Blocking Attacks on Workers' Rights

Efforts to advance an anti-labor agenda died in recent weeks in both Indiana and Kentucky when workers and their allies in statehouses rallied opposition to the proposals. So-called 'right-to-work' legislation was brought up in both states. In Indiana, legislative leadership had indicated they wouldn't bring it up for a vote, but a representative moved it as an amendment. Hard work led to an overwhelming defeat of the measure 65-31. Union leaders who helped lead the victory said that number overstates their support. Once legislators realized that they were going to lose and look bad, many of them switched their votes to the winning side.

IDing the Real Problem and Preventing Voter Intimidation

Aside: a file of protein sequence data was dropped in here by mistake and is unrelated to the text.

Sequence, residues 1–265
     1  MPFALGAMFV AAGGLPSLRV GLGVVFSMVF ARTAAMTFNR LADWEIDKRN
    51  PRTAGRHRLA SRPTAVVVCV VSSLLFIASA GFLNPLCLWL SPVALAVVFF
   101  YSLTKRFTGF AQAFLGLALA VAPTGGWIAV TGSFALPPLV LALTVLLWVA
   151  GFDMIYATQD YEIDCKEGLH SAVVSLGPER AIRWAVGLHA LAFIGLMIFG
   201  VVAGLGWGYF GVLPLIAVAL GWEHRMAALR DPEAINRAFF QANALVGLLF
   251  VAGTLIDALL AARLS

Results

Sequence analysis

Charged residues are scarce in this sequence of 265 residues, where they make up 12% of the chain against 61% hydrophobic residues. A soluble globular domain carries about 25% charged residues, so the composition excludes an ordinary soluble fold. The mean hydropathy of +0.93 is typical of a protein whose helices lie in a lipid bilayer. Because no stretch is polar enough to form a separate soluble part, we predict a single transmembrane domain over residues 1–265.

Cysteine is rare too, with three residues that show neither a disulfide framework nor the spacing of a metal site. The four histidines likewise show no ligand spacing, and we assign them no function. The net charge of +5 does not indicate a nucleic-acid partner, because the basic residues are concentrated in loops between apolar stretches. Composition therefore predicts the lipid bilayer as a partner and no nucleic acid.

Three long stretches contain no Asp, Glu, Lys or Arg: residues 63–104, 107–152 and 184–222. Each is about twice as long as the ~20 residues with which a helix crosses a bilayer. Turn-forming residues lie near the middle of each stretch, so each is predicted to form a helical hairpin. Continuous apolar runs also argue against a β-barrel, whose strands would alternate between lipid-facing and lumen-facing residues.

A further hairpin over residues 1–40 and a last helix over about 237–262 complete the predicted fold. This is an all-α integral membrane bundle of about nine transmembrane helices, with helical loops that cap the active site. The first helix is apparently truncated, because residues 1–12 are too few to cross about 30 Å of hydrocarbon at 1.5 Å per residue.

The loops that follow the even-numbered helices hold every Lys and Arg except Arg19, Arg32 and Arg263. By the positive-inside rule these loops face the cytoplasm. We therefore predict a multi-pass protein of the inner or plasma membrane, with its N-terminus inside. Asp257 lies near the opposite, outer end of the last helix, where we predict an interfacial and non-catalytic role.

The right wing has a magnificent tendency to solve problems that don't exist in a way that tilts the playing field for their own side. For the latest example, we need look no further than Pennsylvania, where Governor Ed Rendell is poised to veto legislation that serves little real purpose other than helping conservatives build power. As Tom Ferrick, Jr., aptly described, HB1318 would have made it less likely that low-income citizens were voting by instituting rigorous ID requirements and shutting down polling places. The regulations are a joke as fraud is extremely rare, but the provisions being advanced are widely acknowledged to undermine turnout among low-income and urban residents.